It is one of the most recognizable structures not only in Canada, but worldwide. The CN Tower is something many Canadians feel pride over, but what was involved in its construction? Today, I am looking at the building at the structure that was once the tallest in the world.
In the 1960s, Toronto began to see skyscrapers pop up across the city. While it showed the city moving into the modern era, it also caused issues with communications for existing transmission towers. They were not high enough to broadcast over existing buildings and the signals bounced off buildings, creating poor television and radio reception. The city had been expanding heavily, reaching a population of one million in the 1950s, and 2.5 million by 1970.
The original idea for the CN Tower came about in 1968 when the Canadian National Railway was looking to build a television and radio platform that would serve the Toronto area. Another goal of the tower would be to demonstrate the strength of not only the Canadian National Railway, but also Canadian industry itself. The entire project was going to be part of the Metro Centre proposal, a $1 billion joint plan between Canadian Pacific and Canadian National to convert the surplus railway lands of that area into the largest revitalization scheme ever conducted in North America. The entire site covered 190 acres, made up of storage buildings and roundhouses. The plan was to have apartment buildings that would house 20,000 people, as well as terraced homes, 418,000 square metres of new office space and 55,750 square metres of commercial property. The Metro Centre would also separate automobile, pedestrian and transit traffic through various levels. The most important piece of the entire development was a free standing structure that would rise above everything.
In an article from the time, the Toronto Star wrote, quote:
“This would be Canada’s tallest structure of any kind and one of the tallest self-supporting structures in the world.”
Work on Metro Centre was scheduled to begin in 1969, but even with approval from the city, the planning stalled, and delays would begin until in 1975, when the plan was scrapped. One item would remain from the plan, the CN Tower. By this point, Canadian Pacific had dropped out of the project, leaving only Canadian National.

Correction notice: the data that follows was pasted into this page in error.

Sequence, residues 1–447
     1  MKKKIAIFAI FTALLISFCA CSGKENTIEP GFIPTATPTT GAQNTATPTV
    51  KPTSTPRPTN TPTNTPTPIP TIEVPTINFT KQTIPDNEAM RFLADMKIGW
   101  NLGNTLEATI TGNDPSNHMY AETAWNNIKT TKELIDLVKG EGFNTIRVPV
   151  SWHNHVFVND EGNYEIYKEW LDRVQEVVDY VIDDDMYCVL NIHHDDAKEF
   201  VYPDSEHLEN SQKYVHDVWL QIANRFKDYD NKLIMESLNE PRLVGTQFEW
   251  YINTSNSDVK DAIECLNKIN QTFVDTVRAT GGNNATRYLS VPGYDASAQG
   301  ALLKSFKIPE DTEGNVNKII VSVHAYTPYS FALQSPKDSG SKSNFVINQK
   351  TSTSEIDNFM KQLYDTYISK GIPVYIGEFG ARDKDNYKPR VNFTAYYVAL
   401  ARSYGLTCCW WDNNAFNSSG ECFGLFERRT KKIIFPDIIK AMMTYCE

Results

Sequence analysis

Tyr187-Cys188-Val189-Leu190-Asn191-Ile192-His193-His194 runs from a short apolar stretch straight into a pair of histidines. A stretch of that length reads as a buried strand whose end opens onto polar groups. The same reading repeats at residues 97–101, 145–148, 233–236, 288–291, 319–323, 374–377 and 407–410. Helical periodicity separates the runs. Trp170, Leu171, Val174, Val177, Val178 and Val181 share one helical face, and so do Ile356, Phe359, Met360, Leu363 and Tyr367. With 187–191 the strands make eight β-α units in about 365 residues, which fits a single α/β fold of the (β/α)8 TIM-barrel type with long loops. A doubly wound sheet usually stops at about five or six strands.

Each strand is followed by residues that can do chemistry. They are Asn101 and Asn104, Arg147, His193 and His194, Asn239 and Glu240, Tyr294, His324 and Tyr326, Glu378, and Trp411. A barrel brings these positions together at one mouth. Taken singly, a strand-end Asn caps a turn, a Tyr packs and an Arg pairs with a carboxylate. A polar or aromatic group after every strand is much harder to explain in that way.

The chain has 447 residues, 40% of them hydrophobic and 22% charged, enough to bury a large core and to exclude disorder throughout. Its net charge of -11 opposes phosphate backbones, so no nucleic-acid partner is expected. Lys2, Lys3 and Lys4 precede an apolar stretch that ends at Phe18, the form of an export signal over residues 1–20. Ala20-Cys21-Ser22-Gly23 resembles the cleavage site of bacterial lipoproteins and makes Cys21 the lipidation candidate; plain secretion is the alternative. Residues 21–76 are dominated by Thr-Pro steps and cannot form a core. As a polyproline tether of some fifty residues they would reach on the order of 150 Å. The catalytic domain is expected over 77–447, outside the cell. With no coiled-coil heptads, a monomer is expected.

There was worry from aviation experts that the tower would be a hazard for aircraft using the Hamilton Airport and the Toronto International Airport. The Canadian Owners and Pilots Association would say in a press release, quote:
“Sooner or later an aircraft is bound to strike it, possibly killing people in the tower, and on the ground, as well as those in the aircraft.”
Another concern was migratory birds, since Toronto is part of a vital travel route for birds. David Crombie, a city alderman and future mayor, tried unsuccessfully to have the height of the tower cut by two-thirds in response to the concerns.
For the next few years, plans for the tower would change and evolve until it received the official go-ahead in 1972. The final design came from John Andrews, Webb Zerafa, E.R. Baldwin and Menkes Housen.
The first step was to analyze and test the soil at the site of construction to assess the condition of the bedrock and determine how it would react to changes in hydrostatic pressure. Upon testing the bedrock, the engineers soon realized that they would be able to make the CN Tower the tallest building in the world.
Contracted to the Canada Cement Company, construction began on Feb. 6, 1973 with a massive excavation of the tower base for the purpose of constructing the foundation. In order to accomplish this, 56,000 tons of earth and shale were removed to a depth of 49.2 feet at the centre.
Once the base was excavated, the base was constructed using 7,000 cubic metres of concrete, with 450 tons of rebar and 3 tons of steel cable, built with a thickness of 22 feet. Construction of this base was extremely fast, taking only four months in total.